Sunday, May 18, 2008

Because most people hate George Crumb

One more gig is history.

My calendar is dotted with gigs in the past and in the future. Good gigs. Gigs with the North Carolina Symphony. Gigs in front of 10,000 people. Gigs that get filmed for television. Gigs that take me to little places in the state that I wouldn't see otherwise.

There is a build up to each one. The anticipation and preparation that come with making sure everything is ready for that call time are a huge rush for me. Some people get nervous, I get excited.

I love the focus that I feel from sound check onto the stage. It is when I feel most capable.

Last night, I had another gig where we were backed up by an orchestra. We used the two arrangements I did in 2004 and I also scored two new ones. It is an opportunity that most "pop" musicians don't get, and I'm grateful for it.

It's interesting, how the orchestra musicians treat "the band." Even though I have a lot of the same training that they do and have a Bachelor of Music in composition, they look down their fretboards at me. It bothered me at first.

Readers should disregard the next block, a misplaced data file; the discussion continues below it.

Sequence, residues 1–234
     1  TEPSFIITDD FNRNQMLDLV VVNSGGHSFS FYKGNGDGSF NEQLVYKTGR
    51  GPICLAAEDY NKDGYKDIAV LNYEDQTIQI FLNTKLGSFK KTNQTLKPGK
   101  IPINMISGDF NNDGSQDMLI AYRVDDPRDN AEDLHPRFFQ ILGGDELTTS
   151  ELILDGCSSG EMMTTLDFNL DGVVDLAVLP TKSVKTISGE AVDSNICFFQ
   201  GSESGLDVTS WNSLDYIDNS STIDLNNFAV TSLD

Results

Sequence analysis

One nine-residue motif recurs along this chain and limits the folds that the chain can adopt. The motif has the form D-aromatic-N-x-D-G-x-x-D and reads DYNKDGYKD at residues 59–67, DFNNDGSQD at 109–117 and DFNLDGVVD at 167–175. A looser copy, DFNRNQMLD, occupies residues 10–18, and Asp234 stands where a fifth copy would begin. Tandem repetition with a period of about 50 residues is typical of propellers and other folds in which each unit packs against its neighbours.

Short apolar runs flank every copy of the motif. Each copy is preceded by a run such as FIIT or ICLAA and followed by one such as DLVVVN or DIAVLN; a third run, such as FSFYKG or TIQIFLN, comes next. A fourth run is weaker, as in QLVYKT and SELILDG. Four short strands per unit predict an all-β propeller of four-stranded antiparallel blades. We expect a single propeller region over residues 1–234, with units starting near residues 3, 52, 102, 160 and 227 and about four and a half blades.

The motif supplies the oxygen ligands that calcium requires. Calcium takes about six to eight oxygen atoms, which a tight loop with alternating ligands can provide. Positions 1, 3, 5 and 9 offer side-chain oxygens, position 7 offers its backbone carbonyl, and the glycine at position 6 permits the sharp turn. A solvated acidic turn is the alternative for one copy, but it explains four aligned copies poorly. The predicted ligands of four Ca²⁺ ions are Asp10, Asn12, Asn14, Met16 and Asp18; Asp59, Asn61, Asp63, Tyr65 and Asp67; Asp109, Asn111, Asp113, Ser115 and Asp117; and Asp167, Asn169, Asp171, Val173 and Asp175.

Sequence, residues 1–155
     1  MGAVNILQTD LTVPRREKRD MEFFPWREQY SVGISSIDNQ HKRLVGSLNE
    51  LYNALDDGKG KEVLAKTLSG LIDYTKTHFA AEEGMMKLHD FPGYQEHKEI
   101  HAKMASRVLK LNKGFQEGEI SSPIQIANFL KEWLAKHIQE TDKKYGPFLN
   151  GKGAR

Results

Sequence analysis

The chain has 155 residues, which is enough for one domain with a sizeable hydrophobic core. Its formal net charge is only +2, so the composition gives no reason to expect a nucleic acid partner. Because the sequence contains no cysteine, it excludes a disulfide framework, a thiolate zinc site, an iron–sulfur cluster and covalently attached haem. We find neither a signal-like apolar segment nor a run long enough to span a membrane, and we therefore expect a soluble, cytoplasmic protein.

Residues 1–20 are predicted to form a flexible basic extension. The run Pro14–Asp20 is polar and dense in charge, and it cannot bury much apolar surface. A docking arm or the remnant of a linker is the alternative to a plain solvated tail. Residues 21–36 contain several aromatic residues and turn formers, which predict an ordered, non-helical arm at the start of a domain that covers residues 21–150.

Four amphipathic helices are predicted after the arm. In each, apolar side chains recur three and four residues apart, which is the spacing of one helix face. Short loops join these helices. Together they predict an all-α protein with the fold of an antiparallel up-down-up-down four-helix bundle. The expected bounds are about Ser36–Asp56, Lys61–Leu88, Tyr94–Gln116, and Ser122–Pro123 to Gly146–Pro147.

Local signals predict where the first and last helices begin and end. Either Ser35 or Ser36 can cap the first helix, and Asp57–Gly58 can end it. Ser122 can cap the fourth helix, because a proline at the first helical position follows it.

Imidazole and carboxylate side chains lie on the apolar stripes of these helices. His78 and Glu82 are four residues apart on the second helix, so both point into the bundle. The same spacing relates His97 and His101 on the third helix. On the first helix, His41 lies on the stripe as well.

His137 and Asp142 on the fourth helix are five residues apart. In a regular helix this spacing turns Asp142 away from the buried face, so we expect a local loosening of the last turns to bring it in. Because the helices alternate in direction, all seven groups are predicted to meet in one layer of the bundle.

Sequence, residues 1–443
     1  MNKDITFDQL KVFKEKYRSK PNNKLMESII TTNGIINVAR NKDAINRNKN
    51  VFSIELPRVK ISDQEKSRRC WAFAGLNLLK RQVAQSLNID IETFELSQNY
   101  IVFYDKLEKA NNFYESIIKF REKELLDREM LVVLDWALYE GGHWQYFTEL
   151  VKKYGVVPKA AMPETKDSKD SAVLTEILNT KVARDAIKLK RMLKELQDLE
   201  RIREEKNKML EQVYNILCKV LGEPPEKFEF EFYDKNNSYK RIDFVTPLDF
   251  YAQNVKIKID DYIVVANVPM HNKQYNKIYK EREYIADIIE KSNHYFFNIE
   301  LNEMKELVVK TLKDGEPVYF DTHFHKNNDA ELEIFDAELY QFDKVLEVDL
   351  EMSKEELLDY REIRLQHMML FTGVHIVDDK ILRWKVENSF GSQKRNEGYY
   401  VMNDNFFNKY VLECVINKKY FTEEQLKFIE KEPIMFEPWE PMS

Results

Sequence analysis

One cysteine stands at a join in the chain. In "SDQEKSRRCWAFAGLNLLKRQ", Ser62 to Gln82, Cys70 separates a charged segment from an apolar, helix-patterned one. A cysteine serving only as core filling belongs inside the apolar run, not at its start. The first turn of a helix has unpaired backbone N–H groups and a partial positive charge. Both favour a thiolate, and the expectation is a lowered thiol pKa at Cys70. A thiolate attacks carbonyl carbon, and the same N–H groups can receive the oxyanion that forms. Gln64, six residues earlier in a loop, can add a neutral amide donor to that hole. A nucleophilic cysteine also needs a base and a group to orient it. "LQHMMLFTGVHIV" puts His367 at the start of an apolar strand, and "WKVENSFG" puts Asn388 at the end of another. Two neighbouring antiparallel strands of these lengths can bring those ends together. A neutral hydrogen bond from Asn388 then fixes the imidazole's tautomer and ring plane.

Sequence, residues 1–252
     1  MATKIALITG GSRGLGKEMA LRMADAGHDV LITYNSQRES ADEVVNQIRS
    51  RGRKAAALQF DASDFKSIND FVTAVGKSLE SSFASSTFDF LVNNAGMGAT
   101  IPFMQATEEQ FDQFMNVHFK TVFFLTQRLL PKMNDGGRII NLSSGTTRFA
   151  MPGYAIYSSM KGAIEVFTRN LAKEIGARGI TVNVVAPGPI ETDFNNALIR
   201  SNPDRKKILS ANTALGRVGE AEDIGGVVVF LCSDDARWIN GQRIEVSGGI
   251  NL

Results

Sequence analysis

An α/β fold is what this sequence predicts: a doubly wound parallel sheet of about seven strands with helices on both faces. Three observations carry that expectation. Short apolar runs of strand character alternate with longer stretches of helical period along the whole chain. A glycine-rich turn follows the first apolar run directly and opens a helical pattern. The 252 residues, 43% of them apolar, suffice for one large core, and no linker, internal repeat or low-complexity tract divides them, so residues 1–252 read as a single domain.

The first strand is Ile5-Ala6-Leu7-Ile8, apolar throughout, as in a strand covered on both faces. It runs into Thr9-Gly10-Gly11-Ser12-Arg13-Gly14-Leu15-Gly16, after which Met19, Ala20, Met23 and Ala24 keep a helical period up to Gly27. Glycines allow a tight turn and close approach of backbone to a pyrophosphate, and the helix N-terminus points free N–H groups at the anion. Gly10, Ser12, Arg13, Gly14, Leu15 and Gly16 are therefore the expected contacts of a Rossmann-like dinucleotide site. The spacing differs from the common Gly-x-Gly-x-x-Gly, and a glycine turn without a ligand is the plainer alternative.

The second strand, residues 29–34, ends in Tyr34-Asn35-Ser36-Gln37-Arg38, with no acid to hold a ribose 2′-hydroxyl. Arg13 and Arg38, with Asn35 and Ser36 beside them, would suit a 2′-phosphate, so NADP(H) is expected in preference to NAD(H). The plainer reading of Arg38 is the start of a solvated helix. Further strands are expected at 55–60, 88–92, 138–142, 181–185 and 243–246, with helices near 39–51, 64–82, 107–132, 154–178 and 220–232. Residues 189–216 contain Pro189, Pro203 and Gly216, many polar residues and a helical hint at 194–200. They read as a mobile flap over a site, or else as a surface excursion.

Only at first.

Now, I feel a little bit sorry for them that they can't enjoy what they are doing unless it is "serious" enough. A pops concert is below them, and they resent having to do it.

But the audience loves it.

That is one thing I've learned from playing with The Dude. I've learned that being a musician isn't just about the study, the practice, and the perfection of it all. It's about connecting with other people.

I liked being liked.

Mixed in with my training, there were years of dragging myself through the rock circuit only to be met with mild appreciation left me tired and a little bitter. I gave it my all, even when performing in a stupid sports bar in front of a 100 foot TV screen showing a hockey game.

But playing with The Dude is different. People buy tickets and come because they like his music. Then they get to the concert and they listen. Without a beer, a cigarette, and a conversation on the side. They applaud. They even want to talk to you and get autographs afterwards.

It's very satisfying, honestly.

I could hold my own with the orchestra. I have a deep love for modern music that works its way into my "pop" arrangements (yes, Mr. Trumpet player, I was perfectly aware that you were holding a minor second against the horns for an entire measure. I like minor seconds.). I could play it as snobby as the concert mistress did last night.

But where is the fun in that?

What is wrong with putting your effort into creating music that a broad base of people actually enjoy?

Nothing at all.